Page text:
Party celebrants could soon be faced with a fine if they launch balloons into the air in Co Cork, writes Sean O’Riordan of the Irish Examiner.
Cork County Council’s Environment Directorate has backed a request from a councillor to draw up bylaws to prevent the release of balloons because when they burst and fall back to earth they present a potentially deadly threat to wildlife.
Independent councillor Marcia D’Alton, who proposed the bylaws, denied being a party-pooper, saying there were good reasons for imposing a ban.
She said that up to 95% of released balloons rise to an altitude of 8km where the pressure and temperature cause them to burst into small fragments. The remainder do not make it that high and can float many miles before descending back to the land or sea, semi-inflated.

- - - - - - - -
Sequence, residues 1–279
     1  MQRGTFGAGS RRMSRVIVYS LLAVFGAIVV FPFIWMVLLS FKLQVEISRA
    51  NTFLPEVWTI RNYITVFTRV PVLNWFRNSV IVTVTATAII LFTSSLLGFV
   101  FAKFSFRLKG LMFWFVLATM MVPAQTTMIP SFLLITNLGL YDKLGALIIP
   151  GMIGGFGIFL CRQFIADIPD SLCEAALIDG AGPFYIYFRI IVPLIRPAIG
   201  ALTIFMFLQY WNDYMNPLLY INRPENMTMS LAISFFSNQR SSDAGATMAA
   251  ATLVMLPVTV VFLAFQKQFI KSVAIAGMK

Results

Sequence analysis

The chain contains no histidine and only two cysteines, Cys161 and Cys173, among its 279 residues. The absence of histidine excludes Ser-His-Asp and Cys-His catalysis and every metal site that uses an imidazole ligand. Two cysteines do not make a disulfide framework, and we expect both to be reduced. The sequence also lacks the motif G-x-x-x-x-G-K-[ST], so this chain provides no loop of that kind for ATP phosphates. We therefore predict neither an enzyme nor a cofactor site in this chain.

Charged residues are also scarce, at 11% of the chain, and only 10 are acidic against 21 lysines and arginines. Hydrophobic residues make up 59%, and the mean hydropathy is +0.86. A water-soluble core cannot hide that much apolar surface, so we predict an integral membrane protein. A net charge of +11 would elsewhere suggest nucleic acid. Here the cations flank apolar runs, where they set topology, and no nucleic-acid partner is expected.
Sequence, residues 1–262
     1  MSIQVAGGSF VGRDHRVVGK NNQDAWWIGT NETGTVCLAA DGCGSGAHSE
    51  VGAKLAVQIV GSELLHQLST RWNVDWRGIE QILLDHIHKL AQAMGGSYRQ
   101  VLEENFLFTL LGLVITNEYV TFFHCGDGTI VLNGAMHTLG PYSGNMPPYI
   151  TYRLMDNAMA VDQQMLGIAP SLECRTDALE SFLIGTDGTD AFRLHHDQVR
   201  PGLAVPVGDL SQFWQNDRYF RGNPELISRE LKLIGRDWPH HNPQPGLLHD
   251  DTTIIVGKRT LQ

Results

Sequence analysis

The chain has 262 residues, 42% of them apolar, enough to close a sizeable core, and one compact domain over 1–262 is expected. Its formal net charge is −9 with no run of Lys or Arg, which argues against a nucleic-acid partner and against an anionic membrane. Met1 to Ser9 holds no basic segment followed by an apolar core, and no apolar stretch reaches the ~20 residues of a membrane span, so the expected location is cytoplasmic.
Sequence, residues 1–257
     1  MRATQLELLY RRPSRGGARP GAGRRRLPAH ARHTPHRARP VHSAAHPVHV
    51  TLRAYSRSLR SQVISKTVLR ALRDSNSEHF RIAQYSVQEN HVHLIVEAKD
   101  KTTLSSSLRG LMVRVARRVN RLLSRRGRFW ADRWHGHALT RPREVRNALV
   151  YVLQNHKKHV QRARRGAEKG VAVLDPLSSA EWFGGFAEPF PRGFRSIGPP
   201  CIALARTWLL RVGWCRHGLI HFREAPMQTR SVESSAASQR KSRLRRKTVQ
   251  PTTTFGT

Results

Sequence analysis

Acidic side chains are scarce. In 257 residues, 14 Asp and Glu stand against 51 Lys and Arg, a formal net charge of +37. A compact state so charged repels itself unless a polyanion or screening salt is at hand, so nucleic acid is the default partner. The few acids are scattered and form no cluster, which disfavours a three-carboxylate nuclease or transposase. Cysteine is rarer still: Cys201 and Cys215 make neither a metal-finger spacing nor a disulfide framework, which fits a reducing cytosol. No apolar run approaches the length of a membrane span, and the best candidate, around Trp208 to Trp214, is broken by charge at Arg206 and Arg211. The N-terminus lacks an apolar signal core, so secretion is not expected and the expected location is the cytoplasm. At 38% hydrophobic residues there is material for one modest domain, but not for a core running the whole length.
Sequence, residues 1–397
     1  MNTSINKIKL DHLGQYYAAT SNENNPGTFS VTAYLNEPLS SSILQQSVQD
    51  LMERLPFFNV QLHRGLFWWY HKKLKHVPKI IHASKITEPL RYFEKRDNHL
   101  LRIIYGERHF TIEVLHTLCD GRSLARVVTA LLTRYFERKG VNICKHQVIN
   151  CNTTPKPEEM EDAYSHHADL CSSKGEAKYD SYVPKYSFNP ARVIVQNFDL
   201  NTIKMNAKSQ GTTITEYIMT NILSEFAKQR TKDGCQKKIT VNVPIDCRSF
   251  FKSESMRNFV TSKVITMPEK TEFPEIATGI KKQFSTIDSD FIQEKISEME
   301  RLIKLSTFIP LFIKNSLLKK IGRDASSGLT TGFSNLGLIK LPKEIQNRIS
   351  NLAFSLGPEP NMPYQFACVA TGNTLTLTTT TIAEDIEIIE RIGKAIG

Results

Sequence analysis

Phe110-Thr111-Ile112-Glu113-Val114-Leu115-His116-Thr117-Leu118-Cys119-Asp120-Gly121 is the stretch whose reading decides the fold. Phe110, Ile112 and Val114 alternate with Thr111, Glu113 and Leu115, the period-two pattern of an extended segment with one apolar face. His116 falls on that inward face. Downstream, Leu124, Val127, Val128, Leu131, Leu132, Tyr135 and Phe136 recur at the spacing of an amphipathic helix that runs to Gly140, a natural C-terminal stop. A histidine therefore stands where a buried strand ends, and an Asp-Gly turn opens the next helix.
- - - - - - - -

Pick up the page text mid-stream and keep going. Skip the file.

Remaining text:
“Balloons can be made of either mylar or latex,” said Ms D’Alton. “Mylar is a plastic and simply doesn’t biodegrade. Latex in the natural state is biodegradable but balloons on land can take six months to biodegrade and 12 months at sea.
“On land balloon fragments can harm wildlife, domestic animals and livestock.
“In the sea turtles, birds and other surface-feeding animals can mistake floating balloons for jellyfish and may eat them. Balloons can directly cause a slow and miserable death by blocking the digestive tract, eventually leading to starvation.”
Ms D’Alton, who is an environmental engineer, won the backing of her colleagues for the bylaws at a meeting of the county council’s Southern Division.
This story first appeared in today's Irish Examiner.